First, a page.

News Digest Economy & Development (December 16 – 22, 2021)

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Money and banking

The United Kingdom government’s development finance institution, CDC Group announced a Nrs. 3.03 billion (USD 25 million) loan to Global IME Bank Ltd., to enhance the bank’s ability to provide credit to businesses across key economic sectors across the country. The capital facility is anticipated to assist the bank in providing credit facilities to businesses badly impacted by the Covid-19 pandemic.

According to Nepal Rastra Bank’s (NRB) ‘Current Macroeconomic and Financial Situation’, consumable loan shot up by nearly 379.57 percent between mid-July to mid-November period of the current fiscal year (FY) 2021/22. In terms of numbers, the loan has accumulated to Nrs. 578.3 billion (USD 4.76 billion) across domains including- personal consumption loan, education loan, residential personal home loan and professional loan. Similarly, import loans too has went up by 8.4 percent to reach Nrs. 17.2 billion (USD 141 million) during the same review period.

Finance Minister Janardan Sharma has instructed all ministries to spend 30 percent of their budget between mid-December to mid-January period of the current fiscal year (FY) 2021/22. The announcement was made in response to the increasing liquidity crunch across the economy. The minister also revealed that the budget allocated to ministries would be diverted in case of failure to spend it within the stipulated time period.

Market and Sectors

World Trade Organization (WTO) on 16 December 2021 declared that India violated international trade rules by offering excessive subsidies to the production and export of sugar and sugarcane between 2014-2019. Following the announcement, WTO has directed India to remove its illegal subsidies within 120 days. The decision comes as a relief to Nepali sugarcane farmers who were struggling to compete with the heavily-subsidized Indian sugarcane producers.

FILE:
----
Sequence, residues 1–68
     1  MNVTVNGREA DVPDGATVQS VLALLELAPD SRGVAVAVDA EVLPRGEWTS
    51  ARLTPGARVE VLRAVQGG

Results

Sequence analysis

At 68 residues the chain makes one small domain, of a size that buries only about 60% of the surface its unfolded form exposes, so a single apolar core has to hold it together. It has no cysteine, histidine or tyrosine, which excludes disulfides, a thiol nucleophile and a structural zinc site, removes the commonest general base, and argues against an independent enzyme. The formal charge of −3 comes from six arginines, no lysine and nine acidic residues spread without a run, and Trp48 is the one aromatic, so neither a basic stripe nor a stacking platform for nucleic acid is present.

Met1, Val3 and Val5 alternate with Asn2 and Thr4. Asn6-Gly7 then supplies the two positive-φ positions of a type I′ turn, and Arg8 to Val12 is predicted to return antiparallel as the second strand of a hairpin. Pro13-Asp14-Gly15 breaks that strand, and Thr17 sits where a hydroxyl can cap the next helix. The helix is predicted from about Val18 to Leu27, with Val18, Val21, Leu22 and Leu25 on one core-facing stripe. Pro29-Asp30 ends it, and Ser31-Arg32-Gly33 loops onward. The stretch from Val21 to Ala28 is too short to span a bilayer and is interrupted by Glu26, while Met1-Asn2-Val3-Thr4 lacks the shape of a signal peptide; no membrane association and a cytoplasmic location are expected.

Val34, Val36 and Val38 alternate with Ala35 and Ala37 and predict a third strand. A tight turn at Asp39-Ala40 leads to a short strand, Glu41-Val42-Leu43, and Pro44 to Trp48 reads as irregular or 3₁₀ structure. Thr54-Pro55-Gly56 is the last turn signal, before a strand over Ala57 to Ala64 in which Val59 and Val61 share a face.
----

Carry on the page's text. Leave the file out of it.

Poultry farmers across the country have been affected by the rise in price of raw materials needed for poultry feed, primarily due to unprecedented changes in the international market. According to Sky Lark Agro Company (one of the largest poultry feed industry of Nepal), price of legume has increased from Nrs. 72 (USD 0.59) to Nrs. 120 (USD 0.99) per kg. Similarly, price of corn has increased from Nrs. 32 (USD 0.26) to Nrs. 38 (USD 0.31) per kg, oil from Nrs. 160 (USD 1.32) to Nrs. 242 (USD 2) per kg. Moreover, price of vitamins, minerals and other medicinal items too has increased by 40 percent, making poultry farming a costly business.

Trade and Investment

According to Nepal Rastra Bank (NRB), the country has spent Nrs. 164.99 billion (USD 1.36 billion) to buy Indian currency (INR) to fund imports made by the economy during the first four months of the current fiscal year (FY) 2021/22. Comparing it to the last fiscal, the country has spent 12 percent more to fund its import in the current fiscal.

The central bank (NRB) revealed that the country’s total trade deficit has widened by 56.8 percent year-on-year during the four months period between mid-July to mid-November 2021 to reach Nrs. 568.17 billion (USD 4.68 billion). The deficit had contracted by 12.5 percent during the same review period in the last fiscal. However, the export-import ratio has rose by 12.6 percent (during the current fiscal) from the previous 10 percent (in the last fiscal) due to a slight increase in merchandise exports.

Phampa Bhusal, the Minister for Energy, Water Resources and Irrigation, while addressing the 19th and 20th General Assemblies of Independent Power Producers Association of Nepal (IPPAN) has announced that the government is ready to allow private sector to trade electricity as per their demand.

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